Back in December I was scheduled to give you my thoughts on a book I was super pumped to read. If you remember, I didn’t have it finished then and left you with a very excited me and half a review-ish kind of thing.
Soooo… THE UNTOLD TALE! I’m finished!
First of all, about the book…
Forsyth Turn is not a hero. Lordling of Turn Hall and Lysse Chipping, yes. Spymaster for the king, certainly. But hero? That’s his older brother’s job, and Kintyre Turn is nothing if not legendary. However, when a raid on the kingdom’s worst criminal results in the rescue of a bafflingly blunt woman, oddly named and even more oddly mannered, Forsyth finds his quaint, sedentary life is turned on its head. Dragged reluctantly into a quest he never expected, and fighting villains that even his brother has never managed to best, Forsyth is forced to confront his own self-shame and the demons that come with always being second-best. And, more than that, when he finally realizes where Lucy came from and why she’s here, he’ll be forced to question not only his place in the world, but the very meaning of his own existence. Smartly crafted, The Untold Tale gives agency to the unlikeliest of heroes: the silenced, the marginalized, and the overlooked. It asks what it really means to be a fan when the worlds you love don’t resemble the world you live in, celebrates the power of the written word, challenges tropes, and shows us what happens when someone stands up and refuses to remain a secondary character in their own life.
So this book was all I wanted and more.
As a teen, I loved fantasy bofoks. Dragonlance, Forgotten Realms… anything written by Terry Brooks, David Eddings, Anne McCaffrey, and Raymond E. Feist. If it had a dragon on the cover or a guy with a kick-butt sword, I was in. But it was more than a interest, I wanted to live in those worlds. I wanted to go on quests. I wanted a kick-butt sword. I imagined a portal opening up and taking me to another world… because I was certain I didn’t belong on this one.
As a teen I drew, a lot. I put on paper images of stories in my head, of characters that lived in the world I wanted to be a part of. I created me in that world… Tyra. She had a back story, a pain to overcome, she was AWESOME. Before I fell asleep I would live her (my) story in my mind. She had a quest to retrieve a sword… a special sword that would only respond to her. She had friends, like all fantasy stories did. An elf. A dwarf. A crazy shifter. A hero guy, who discovered there was more to Tyra than a pretty face. Dude. It was awesome. I probably still have that sketch book full of all those people.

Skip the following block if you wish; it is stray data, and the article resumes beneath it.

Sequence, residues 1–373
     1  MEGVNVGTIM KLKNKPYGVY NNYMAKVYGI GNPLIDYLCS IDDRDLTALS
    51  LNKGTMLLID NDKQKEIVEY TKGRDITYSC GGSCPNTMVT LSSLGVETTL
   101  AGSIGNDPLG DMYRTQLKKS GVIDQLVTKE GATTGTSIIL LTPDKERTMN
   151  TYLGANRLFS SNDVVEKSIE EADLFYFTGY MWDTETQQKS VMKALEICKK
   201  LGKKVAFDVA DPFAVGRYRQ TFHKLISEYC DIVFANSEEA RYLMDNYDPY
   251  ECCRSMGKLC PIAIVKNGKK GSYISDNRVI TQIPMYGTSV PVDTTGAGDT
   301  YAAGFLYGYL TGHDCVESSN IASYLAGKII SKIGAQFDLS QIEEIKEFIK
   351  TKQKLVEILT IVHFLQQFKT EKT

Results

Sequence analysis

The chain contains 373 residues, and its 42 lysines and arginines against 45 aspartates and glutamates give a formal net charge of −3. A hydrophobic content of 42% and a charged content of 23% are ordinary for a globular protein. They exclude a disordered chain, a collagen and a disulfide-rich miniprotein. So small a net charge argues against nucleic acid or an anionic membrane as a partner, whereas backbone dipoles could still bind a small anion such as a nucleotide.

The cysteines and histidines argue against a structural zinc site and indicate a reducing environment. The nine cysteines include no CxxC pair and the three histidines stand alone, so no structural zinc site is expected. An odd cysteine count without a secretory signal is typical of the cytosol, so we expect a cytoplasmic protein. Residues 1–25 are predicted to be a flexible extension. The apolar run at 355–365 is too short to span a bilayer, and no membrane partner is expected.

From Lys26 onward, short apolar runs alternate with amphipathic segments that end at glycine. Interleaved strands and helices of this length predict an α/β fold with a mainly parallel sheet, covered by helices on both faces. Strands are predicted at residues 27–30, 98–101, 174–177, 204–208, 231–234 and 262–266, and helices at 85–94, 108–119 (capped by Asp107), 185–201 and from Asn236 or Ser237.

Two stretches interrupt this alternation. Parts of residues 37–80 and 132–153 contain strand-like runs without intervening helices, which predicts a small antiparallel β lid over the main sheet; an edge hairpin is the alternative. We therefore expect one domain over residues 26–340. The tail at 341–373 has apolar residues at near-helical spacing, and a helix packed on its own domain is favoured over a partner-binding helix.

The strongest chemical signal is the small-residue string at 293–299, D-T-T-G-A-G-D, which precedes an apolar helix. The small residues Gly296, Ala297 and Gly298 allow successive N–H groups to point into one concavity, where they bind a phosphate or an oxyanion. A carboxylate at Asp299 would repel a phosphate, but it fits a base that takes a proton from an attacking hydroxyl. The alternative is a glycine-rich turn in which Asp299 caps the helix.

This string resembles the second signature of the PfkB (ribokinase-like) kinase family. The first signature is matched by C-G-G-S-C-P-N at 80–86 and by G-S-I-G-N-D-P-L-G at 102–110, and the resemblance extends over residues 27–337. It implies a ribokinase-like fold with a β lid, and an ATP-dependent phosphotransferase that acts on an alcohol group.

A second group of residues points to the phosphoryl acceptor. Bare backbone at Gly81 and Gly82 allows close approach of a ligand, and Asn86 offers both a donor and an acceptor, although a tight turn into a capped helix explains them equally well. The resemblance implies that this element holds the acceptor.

So I connected with Pip (Lucy Piper) in The Untold Tale. And more than once I wished for the book to be in her POV. But it was Forsyth’s story and I enjoyed seeing Pip through his eyes.
But getting your wish to live in a fantasy world, isn’t all it’s cracked up to be. To face the stereotypes: hero, villain, damsel in distress. To try to fit in when you are none of those.
This book has heroes and fabulous villains. There is a quest and a great battle at the end. But this story goes further. It challenges the stereotypes. What if the hero isn’t what he seems? What if the monster is just trying to be heard? What if the damsel in distress can be vulnerable and strong? It screams for everyone to have their voice, while reminding us how necessary it is to listen.
I enjoyed this book beyond just reading a tale.
The end held a fabulous twist and left a smile on my face.
And any book that mentions Karl Urban, Boris Vallejo, and Iron Man wins all the cookies.
So thank you, J.M. Frey, for the quest.
How about it, kids? Sound good to you?
And the fabulous author!
Toronto-based J.M Frey (pronounced “fry”) is a science fiction and fantasy author, as well as a fanthropologist and pop culture scholar who appears in podcasts, documentaries, and on television to discuss all things geeky through the lens of academia. Her debut novel TRIPTYCH has been nominated for two Lambda Literary Awards, won the San Francisco Book Festival award for SF/F, was nominated for a 2011 CBC Bookie, was named one of The Advocate’s Best Overlooked Books of 2011, and garnered both a starred review and a place among the Best Books of 2011 from Publishers Weekly.